Meditation

For almost 30 years MEDITATION has certainly been the one word running continuously through my daily life. Combined I must have spent a few years “in meditation”. Satori groups, meditation retreats, 10 days Vipassana courses, 5 and 7 weeks retreats in complete silence and isolation, and the daily routine of at least 3 hours of different meditation techniques. Meeting Osho I discovered active meditations. His famous “dynamic meditation” became my favourite one, and for years I woke up at 5.30 every morning to be in the hall ready to breathe, jump, cathart, dance and fall into the centre of the cyclone in utter silence. Dynamic meditation was a simple formula for a great day ahead.

After 20 years in Pune following that incredible and juicy regimen I one morning found myself in Mumbai at the feet of Ramesh Balsekar. He told me something I had never heard before and that would change my life forever. There was according to Him no need to meditate, but if you felt to, just taking a few minutes in the evening looking back at your day and investigating one event that you obviously did was enough. “Dissect that event and find out if you REALLY did it”. That was a puzzling proposition, but that investigation again and again, every single time showed the same result: I was not the doer of any action, not even that one. Actions happen through this body mind organism. There is no doer whatsoever.

For years afterwards that specific investigation did run inside like an undercurrent until one day I realized that the understanding had settled without any doubt and that the inquiry had dropped by itself.

Today I would simply say that Meditation is remembrance. Remembering who I am. Osho’s last word is SAMASATI. So is Buddha’s. “Remember who you are”.

Meditation techniques are a way to bring that remembrance to the light. Meeting Osho has been the greatest blessing in my life and meditating in His garden under his guidance was fun, juicy and the gap between the outer and the inner was bridged every single time.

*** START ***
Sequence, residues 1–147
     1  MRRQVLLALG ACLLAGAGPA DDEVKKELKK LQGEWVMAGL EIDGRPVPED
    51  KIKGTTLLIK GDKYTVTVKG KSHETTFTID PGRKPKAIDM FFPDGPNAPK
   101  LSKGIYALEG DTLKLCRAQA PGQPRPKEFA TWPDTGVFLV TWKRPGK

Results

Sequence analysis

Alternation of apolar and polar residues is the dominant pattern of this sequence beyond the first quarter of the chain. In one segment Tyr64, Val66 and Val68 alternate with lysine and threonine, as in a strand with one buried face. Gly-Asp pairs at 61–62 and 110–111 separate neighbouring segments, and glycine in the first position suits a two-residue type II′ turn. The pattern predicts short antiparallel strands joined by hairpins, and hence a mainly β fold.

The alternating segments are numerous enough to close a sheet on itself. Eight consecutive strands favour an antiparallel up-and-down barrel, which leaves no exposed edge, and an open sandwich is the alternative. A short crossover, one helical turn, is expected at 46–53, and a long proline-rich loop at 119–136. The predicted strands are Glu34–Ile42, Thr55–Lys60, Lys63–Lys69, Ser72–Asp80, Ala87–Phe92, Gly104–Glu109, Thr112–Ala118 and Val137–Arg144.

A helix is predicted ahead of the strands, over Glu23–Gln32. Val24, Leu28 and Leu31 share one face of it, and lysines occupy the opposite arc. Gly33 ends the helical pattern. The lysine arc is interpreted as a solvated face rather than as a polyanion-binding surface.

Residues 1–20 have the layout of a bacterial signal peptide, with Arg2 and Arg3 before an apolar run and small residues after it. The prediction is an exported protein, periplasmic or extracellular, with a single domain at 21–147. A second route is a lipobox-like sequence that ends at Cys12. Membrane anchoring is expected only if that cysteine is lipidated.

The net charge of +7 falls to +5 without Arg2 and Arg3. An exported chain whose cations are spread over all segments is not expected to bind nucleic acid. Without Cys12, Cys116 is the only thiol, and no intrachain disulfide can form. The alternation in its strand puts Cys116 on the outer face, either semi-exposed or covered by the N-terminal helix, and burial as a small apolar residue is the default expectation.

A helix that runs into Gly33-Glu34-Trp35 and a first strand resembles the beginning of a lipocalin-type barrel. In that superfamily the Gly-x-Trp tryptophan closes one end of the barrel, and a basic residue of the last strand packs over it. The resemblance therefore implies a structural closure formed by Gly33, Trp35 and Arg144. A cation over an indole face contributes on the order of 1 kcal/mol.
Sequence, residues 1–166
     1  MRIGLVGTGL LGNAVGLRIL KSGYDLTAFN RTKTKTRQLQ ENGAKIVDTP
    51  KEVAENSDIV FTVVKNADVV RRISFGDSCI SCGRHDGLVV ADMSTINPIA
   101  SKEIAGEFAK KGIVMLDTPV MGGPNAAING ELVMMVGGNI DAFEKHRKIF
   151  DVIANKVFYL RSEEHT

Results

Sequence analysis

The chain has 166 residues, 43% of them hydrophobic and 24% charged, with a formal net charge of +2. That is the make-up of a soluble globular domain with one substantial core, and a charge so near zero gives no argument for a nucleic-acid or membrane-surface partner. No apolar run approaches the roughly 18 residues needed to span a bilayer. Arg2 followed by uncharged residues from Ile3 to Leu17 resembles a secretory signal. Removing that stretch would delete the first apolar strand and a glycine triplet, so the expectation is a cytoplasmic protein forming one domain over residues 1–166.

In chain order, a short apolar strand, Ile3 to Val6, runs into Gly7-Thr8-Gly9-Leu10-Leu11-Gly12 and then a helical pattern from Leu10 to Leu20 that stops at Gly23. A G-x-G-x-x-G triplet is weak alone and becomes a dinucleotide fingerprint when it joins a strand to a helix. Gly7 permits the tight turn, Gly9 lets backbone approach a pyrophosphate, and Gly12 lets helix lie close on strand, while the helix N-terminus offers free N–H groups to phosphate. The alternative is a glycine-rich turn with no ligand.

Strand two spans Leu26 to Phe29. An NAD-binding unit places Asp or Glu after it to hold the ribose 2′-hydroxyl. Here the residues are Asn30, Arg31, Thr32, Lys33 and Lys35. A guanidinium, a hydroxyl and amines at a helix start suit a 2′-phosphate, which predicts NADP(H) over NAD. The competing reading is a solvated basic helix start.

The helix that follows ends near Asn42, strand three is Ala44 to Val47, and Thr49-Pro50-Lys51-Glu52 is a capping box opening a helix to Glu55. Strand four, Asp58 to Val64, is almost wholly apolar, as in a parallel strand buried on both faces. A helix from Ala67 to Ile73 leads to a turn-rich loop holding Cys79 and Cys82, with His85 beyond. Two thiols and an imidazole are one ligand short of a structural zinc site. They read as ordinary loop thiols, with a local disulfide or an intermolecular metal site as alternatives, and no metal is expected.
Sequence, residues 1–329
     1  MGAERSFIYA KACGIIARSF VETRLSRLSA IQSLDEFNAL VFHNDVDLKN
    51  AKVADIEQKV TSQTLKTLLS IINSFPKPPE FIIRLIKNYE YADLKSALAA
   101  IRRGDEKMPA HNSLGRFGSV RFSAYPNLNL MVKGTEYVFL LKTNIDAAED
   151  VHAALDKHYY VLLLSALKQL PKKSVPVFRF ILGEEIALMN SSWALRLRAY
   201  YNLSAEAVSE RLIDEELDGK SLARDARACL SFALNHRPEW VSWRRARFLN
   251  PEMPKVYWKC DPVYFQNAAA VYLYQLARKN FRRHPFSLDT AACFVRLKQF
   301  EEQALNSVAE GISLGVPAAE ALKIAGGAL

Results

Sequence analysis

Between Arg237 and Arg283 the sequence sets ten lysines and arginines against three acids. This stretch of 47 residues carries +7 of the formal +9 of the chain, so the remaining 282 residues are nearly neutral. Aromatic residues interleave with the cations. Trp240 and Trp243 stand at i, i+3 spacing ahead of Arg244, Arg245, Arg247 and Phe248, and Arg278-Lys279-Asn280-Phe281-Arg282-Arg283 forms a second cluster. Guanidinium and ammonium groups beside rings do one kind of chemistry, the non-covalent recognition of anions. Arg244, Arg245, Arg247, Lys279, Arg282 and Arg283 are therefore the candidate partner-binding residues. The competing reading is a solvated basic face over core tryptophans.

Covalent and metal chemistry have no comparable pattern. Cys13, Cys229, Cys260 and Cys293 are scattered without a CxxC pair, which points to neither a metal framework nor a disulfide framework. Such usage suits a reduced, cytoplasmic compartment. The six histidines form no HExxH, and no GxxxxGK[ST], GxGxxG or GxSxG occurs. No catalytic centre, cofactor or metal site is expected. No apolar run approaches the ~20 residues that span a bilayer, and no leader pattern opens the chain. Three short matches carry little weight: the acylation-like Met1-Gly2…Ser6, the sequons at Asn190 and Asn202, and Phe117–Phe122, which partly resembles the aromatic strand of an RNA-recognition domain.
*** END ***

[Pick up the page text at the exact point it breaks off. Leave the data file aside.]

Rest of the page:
I still enjoy sitting in silence with closed eyes. I still enjoy active meditations. In the same way I enjoy cooking, painting, walking, making love, having a talk with a friend. Whenever I remember who I am I am in meditation.

Most of the time I am in my centre, connected, present and enjoying the play of life. Sometimes I am identified with this body mind organism and believe I am the doer of those actions and thoughts and emotions. Now I know the way, I know the space, I know the knack. I could say that I know who I am…and yet I do go astray once in a while, and I am okay with it. The idea that staying in my centre is a greater thing, deeper and more holy is also falling apart. In fact all the ideas of who I am and who I should be are all falling apart. Something is happening which is beyond all my ideas, beyond any doing, beyond any description, and that something looks more and more like nothing.

I have been a spiritual seeker since as long as I remember. Finding out who I am was the single most important drive inside. Meditation was the motor, the main tool.

Today as the seeker is dying and the seeking is giving way to something beyond doing, meditation is also changing. I don’t quite understand what is happening and I am okay with it. Trying to understand is not important. Accepting the new unfolding is clearly all I need to let go into.

This new happening isn’t always comfortable. I often feel pregnant with something I don’t comprehend, something I can’t push nor do anything about, something that by nature I absolutely cannot name.

I am washing some dishes in the communal kitchen this morning and my friend asks me if I could write something on meditation, and I go “yes, of course”. I know that words will come in spite of me and that whatever comes will be perfect. There is complete trust. And here I am and words are flowing. Meditation is presence, meditation is spontaneity, meditation is life running through this organism called “Nirav”, through this laptop and through the birds singing in the garden. Meditation is love, meditation is freedom, meditation is easy…as easy as the wind moving through the autumn leaves.

Meditation is no mind, meditation is openness, meditation is all there is.

Meditation is remembrance.

Samasati.

 

 

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Still around after all these years

 

For 21 years the Osho commune in Pune was my home. There I took Sannyas, and day after day I listened to Him, did His meditations, participated in all possible groups and trainings, worked, gave sessions, and I also managed to find plenty of time to be constantly involved in the juiciest and most dramatic intimate relationships. Those were beautiful years of a richness hard to describe. I feel that I absorbed the full rainbow of His vision, lived to the fullest a life of meditation and celebration, and squeezed the juice out of everything to an extend I would never have dreamed possible.

I have been a spiritual seeker for as long as I can remember, sometimes not knowing what I was after, sometimes groping in the dark, often confused about what my real longing was. When Osho appeared in my life everything suddenly made sense; with him my heart opened and every word he spoke hit the spot. With Him I could explore the depths of my darkness, watch my love and creativity catch fire and take me to heights I didn’t know existed. With him I felt whole again.